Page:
ChatGPT-Generated Fake News Spreads in China
A “press release” about the cancellation of the traffic restrictions based on the last digit of license plate numbers by a local government in China went viral on February 16. After tracking the actual publisher, it was determined to have been written by ChatGPT, a chatbot developed by OpenAI, generating wide concern about AI-generated fake news.
On the afternoon of February 16, ChatGPT was discussed in a WeChat group, and a user joked that he would try to use it to write a press release on the cancellation of traffic restrictions in Hangzhou, Zhejiang Province. The user then broadcast the writing process of ChatGPT and sent the article to the group. Other users, not knowing the circumstances, forwarded the article, which caused the erroneous message to spread. At present, the user of ChatGPT has publicly apologized, and local police have started an investigation.
In this regard, netizens commented, “The person who posted it is not wrong. He clearly said that ChatGPT wrote the article. The police should investigate those who forwarded it.” “Terrible artificial intelligence. I am afraid that when the time comes, humans won’t be able to control it.” “There may be more AI-generated fake news in the future to test everyone’s identification ability.”
In recent years, with the blossoming of social platforms, everyone can create something and publish it online. Due to this freedom, the distortion and uncertainty of communication have been criticized again and again. Now, not only users can produce content, but also AI, and the information pool is even messier. Sometimes, the creators and disseminators of rumors are innocent. Some of them mistakenly think a rumor is true, and some of them share it privately without being sure whether it is true or false. When the number of these two situations is large enough, the spread of rumors will be huge.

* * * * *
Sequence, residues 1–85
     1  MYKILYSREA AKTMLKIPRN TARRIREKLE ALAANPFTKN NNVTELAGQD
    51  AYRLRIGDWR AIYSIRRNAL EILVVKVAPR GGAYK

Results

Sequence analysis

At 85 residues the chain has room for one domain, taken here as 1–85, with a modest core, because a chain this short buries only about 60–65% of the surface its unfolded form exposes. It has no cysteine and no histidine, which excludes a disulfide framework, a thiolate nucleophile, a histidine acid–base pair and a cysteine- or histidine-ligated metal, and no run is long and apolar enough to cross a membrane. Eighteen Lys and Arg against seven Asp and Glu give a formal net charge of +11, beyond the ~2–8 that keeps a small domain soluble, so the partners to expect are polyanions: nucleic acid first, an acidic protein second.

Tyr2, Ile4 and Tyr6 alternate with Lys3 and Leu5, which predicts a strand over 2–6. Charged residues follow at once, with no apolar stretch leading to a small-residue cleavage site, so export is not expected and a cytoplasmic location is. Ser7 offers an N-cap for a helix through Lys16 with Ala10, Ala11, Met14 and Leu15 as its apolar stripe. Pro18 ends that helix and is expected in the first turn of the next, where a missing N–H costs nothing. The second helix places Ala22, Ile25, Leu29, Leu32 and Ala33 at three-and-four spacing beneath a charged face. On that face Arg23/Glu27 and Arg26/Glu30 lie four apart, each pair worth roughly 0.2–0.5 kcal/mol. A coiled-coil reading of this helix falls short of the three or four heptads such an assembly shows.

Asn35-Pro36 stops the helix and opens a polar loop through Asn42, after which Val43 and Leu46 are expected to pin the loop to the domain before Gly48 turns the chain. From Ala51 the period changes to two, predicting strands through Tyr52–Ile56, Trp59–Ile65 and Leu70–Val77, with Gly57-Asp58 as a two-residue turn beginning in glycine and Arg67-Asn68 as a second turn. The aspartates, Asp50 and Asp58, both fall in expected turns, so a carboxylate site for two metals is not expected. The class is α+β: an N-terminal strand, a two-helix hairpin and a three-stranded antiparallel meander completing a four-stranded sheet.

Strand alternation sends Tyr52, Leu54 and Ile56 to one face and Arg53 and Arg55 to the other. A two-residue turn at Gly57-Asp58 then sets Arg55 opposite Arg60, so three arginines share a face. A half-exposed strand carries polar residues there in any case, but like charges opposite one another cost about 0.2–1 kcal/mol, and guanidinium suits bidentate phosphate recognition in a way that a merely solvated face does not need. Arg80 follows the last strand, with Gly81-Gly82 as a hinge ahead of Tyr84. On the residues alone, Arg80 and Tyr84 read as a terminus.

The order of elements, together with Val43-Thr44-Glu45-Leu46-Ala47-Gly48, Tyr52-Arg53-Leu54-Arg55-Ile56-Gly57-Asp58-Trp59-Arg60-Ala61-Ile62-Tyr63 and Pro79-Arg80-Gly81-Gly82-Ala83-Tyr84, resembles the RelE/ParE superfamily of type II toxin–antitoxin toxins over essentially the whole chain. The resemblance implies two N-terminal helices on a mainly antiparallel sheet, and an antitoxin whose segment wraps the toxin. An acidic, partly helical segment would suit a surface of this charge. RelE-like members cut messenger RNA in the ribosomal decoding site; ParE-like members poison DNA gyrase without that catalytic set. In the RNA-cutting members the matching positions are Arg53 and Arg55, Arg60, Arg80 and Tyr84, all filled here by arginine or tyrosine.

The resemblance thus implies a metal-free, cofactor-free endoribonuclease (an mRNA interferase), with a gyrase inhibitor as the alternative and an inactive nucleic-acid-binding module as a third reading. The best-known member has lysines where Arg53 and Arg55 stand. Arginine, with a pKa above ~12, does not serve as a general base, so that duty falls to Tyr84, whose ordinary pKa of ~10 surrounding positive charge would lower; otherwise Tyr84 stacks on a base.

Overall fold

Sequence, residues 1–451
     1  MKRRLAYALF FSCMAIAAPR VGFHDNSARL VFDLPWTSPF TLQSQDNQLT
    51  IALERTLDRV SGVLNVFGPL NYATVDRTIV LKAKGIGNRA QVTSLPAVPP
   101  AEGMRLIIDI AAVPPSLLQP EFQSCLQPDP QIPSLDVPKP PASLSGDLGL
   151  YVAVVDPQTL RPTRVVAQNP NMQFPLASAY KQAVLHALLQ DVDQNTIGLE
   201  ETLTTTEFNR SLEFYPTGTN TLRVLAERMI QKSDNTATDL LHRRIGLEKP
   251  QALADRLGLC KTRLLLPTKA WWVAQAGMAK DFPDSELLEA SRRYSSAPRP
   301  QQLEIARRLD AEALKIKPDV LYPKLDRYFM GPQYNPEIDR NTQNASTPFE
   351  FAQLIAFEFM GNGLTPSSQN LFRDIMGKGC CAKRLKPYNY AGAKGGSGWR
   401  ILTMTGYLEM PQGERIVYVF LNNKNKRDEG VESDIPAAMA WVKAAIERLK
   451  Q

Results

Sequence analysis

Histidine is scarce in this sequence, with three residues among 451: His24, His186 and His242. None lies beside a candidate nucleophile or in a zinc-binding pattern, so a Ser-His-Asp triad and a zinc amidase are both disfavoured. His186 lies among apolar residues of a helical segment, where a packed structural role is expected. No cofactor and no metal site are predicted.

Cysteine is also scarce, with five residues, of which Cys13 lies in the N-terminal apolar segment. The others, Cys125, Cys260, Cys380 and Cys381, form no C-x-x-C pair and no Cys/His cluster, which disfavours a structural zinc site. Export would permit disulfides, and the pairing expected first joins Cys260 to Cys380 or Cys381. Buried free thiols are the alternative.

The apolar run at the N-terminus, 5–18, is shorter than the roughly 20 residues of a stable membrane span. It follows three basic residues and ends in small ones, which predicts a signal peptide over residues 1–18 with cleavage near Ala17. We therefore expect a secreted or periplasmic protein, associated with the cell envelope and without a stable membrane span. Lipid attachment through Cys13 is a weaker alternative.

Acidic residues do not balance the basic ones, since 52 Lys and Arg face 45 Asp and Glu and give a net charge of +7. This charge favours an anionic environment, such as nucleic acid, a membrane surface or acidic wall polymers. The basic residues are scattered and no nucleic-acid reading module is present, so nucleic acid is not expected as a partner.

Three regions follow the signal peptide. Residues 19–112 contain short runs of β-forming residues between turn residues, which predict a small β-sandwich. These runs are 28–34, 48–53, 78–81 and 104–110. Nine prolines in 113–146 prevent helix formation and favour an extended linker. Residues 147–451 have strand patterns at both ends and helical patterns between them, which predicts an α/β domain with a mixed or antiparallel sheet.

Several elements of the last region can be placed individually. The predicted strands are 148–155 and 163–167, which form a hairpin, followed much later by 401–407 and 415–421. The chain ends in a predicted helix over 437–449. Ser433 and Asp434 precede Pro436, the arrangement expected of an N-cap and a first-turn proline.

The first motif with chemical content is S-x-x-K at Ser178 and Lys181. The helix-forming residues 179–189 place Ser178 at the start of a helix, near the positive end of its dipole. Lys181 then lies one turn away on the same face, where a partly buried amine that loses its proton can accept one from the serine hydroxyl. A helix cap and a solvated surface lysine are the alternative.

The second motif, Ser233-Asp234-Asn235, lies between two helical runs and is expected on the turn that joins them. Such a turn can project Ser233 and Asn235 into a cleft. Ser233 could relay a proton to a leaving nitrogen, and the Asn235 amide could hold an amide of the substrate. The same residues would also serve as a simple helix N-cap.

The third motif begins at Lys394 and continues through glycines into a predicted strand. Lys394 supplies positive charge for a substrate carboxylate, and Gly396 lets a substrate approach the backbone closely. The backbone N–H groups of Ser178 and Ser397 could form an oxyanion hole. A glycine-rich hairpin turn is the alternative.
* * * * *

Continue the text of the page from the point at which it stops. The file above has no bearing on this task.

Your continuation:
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Previously, NewsGuard, a news credibility evaluation agency in the United States, studied that ChatGPT might become the strongest tool to spread online rumors. Researchers asked ChatGPT questions full of conspiracy theories and misleading narratives, and found that it could adapt the information in a few seconds, producing a lot of convincing content without sources. The agency said that there is no effective way to solve this problem at present.
Mira Murati, chief technology officer of OpenAI, the developer of ChatGPT, said in an interview with Time Magazine that ChatGPT may “make up facts”, which is no different from other artificial intelligence tools based on language models. Murati also stressed in the interview that artificial intelligence tools like ChatGPT can be abused or used by bad people, raising questions about how to regulate it on a global scale.
ChatGPT relies on a massive database of information, including a large number of inputs by web users themselves. Therefore, when users enter in personal data or trade secrets, ChatGPT may incorporate them into its own corpus, resulting in a risk of leakage.